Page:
How to do it: Fly over to England, and head to 3 Abbey Road, St Johns Wood, London England. Make sure you wave at the webcame after you cross.
Just pop on the Abbey Road webcam and have a toast every time someone recreates the legendary walk across the street.
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The Exorcist is one of the most terrifying horror films ever made, and the climax of the film occurs when one of the main characters hurls himself to his death and tumbles down the steep, foreboding stone stairs. Karras, the priest who is determined to save young Regan, is given his last rites and dies at the bottom of the 97 steps. And you can visit this cheerful spot, as many have, and recreate that fatal tumble yourself in photographs.
How to do it: Visit the intersection of 36th Street NW between Prospect Street and M Street in the Georgetown neighborhood of Washington D.C.
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If you’re wondering why Winslow Arizona sounds so familiar, just start humming. The pop song, Take it Easy, written by Glen Frey and Jackson Browne and made famous by the Eagles starts off there– standing on the corner in Winslow Arizona. It’s a lesser known pop culture icon, but that just makes us want to go there even more. Thousands of people head there every year and have their picture taken on the corner, and there’s even a festival that’s already in it’s fourteenth year. But if you head there, you’ll find a statue and a mural featuring flat bed Ford, of course.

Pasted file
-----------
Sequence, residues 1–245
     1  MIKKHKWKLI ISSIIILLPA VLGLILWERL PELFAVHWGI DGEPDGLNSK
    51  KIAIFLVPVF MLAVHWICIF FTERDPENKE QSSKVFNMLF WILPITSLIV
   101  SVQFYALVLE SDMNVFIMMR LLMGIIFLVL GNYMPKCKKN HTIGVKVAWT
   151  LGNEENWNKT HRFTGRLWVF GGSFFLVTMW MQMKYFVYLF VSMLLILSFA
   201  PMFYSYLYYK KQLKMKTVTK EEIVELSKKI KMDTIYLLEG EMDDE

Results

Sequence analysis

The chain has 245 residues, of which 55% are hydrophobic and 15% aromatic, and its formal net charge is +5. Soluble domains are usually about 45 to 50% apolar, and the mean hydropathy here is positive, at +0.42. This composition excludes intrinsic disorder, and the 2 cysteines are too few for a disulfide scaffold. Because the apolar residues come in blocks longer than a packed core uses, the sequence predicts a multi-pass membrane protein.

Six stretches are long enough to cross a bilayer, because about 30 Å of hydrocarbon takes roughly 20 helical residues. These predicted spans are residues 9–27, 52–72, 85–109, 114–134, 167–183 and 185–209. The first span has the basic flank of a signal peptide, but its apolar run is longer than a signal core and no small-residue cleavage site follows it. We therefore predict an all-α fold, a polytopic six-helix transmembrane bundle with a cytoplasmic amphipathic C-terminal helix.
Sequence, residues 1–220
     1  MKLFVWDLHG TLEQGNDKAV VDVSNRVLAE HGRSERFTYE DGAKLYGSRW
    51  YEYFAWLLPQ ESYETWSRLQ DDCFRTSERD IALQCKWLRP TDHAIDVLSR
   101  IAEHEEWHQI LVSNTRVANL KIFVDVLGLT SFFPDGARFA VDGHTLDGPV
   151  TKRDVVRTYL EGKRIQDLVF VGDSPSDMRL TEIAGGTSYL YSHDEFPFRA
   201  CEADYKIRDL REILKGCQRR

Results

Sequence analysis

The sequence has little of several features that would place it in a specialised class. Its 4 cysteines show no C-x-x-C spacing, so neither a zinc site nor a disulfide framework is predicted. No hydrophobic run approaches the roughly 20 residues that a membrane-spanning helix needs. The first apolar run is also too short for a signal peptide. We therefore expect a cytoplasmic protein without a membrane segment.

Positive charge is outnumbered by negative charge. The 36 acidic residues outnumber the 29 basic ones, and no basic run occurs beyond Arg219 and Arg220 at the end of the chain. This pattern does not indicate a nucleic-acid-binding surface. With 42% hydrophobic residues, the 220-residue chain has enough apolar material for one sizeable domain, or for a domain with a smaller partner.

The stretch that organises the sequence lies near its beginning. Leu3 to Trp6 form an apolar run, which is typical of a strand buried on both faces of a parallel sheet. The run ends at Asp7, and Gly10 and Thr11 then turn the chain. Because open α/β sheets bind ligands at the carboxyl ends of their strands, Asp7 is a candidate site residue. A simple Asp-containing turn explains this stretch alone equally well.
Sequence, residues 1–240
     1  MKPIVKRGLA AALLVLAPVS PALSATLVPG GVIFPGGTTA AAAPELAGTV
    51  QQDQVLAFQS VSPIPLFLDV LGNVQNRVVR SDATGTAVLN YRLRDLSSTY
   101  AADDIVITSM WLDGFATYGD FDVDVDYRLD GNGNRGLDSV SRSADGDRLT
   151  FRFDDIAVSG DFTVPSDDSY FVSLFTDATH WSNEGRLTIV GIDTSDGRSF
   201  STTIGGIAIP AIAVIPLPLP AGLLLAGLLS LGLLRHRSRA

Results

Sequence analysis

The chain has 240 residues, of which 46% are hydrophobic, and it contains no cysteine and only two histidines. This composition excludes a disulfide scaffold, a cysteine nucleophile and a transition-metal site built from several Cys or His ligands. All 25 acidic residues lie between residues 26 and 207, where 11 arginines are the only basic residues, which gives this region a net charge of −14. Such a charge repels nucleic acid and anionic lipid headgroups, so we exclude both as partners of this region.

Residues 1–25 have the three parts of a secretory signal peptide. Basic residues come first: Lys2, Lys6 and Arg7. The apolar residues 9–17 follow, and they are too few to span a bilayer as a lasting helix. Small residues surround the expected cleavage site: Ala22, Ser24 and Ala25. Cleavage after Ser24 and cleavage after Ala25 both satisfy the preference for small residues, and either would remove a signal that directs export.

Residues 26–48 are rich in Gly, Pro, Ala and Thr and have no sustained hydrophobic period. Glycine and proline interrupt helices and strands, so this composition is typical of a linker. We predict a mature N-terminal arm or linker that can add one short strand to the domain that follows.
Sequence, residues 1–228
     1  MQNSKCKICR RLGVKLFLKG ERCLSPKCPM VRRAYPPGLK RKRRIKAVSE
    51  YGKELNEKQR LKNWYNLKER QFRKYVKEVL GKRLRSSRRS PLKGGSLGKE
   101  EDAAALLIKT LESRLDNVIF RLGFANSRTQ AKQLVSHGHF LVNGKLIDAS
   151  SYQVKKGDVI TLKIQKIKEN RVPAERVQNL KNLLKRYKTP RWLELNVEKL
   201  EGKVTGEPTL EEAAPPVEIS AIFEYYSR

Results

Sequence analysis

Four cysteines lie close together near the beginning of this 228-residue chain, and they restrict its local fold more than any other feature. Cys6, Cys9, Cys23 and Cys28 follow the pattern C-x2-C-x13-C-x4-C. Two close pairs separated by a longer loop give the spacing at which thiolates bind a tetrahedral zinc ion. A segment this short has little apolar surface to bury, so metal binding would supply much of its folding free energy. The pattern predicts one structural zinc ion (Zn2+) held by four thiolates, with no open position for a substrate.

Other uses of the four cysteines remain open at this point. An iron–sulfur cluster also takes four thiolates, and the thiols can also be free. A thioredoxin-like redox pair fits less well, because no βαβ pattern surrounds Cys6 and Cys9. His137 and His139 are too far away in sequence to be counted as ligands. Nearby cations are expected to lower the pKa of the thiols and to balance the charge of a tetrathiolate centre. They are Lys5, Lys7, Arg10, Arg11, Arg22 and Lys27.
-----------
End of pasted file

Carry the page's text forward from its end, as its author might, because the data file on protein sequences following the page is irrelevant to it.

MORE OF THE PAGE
How to do it: Take Interstate 40 into downtown Winslow and head for the intersection of Kinsey Avenue and Second Street.
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Fans of Clerks, Jay and Silent Bob and Kevin Smith can’t resist the urge to visit the actual Quick Stop, located in Leonardo, New Jersey. Some pilgrims to the sacred spot are content to just stand outside, put their leg up on the wall, maybe have a smoke. Others feel the need to sing, dance, or re-enact full scenes from the movie.
How to do it: Visit 58 Leonard Avenue (between Vanderbilt and Viola) in Leonardo, NJ right off Route 36 near Sandy Hook.